With the pass of the Tax Cuts and Jobs Act (TCJA), a new limit has been placed on the deduction for SALT, State And Local Taxes. These limits severely impact residents of states that derive the majority of their revenue through state income taxes and high property taxes.
Several states have or are in the process of implementing workarounds to the deduction limits. For example, New York established new “charitable gifts trust funds” to which taxpayers can make deductible contributions and claim a tax credit equal to 85% of the donation. Similarly, New Jersey enacted legislation that permits localities to establish charitable funds to which taxpayers can contribute and receive a 90% New Jersey property tax credit. California and Connecticut are among the other states that have been weighing similar options.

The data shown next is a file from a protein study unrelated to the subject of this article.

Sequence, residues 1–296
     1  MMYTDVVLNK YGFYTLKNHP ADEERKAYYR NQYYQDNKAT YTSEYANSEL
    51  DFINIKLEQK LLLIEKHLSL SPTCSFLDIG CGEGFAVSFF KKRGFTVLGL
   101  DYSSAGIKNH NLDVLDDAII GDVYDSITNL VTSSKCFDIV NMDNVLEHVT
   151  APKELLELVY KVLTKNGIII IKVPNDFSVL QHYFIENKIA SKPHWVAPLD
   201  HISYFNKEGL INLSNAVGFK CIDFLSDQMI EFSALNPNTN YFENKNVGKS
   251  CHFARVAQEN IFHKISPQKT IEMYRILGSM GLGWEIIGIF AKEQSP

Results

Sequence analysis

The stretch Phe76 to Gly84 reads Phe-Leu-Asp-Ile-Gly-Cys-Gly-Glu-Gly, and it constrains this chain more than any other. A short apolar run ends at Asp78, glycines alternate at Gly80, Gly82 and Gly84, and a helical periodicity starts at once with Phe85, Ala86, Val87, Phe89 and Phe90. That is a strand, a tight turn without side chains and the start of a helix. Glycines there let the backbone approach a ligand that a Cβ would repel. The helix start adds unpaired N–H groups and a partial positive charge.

It’s important to note that when applying the substance over form doctrine, many of these transactions would not qualify for the charitable deduction the states are hoping. Remember, charitable contributions are only deductible to the extent that no goods or services (benefit) is received in exchange. Transactions that are “quid pro quo” would reduce your charitable deduction, dollar for dollar by the fair market value of any benefit received.
The IRS is planning to issue regulations to address these transactions in the coming months. We advise our clients to wait for these proposed regulations, as our professional opinion is the IRS will not recognize a charitable contribution deduction that is a disguised SALT deduction.